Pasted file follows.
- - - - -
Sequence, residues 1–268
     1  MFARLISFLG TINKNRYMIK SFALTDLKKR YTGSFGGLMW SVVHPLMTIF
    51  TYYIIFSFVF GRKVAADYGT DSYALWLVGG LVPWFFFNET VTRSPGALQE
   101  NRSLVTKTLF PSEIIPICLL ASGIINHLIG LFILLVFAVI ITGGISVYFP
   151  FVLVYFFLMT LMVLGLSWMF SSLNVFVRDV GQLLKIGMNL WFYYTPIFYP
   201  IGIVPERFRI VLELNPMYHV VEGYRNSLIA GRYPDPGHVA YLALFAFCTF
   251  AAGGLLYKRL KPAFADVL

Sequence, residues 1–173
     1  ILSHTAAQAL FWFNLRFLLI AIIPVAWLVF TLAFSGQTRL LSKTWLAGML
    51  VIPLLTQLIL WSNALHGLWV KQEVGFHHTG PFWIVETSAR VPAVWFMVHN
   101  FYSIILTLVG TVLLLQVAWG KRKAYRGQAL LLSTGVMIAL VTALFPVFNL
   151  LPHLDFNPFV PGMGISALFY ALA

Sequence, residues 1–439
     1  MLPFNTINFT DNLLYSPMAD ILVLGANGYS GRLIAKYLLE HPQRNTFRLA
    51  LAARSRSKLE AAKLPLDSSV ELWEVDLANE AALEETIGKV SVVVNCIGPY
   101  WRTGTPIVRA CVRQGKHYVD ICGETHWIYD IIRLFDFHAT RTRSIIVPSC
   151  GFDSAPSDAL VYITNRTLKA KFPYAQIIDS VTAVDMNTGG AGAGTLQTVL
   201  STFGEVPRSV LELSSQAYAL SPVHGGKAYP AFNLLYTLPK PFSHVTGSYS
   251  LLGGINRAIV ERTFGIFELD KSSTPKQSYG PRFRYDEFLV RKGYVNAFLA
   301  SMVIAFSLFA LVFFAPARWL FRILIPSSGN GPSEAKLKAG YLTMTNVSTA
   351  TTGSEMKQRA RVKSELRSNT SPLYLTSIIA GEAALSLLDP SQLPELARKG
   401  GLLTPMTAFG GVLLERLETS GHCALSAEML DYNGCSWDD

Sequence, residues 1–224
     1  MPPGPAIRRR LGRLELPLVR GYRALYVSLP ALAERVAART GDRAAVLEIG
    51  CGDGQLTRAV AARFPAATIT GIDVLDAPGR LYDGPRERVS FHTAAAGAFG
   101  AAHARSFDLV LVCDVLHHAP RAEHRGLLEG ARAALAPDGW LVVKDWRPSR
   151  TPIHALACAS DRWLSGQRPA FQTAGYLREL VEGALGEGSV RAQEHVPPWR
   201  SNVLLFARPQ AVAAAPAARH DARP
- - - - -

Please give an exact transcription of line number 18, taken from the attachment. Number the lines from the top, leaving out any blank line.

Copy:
   201  STFGEVPRSV LELSSQAYAL SPVHGGKAYP AFNLLYTLPK PFSHVTGSYS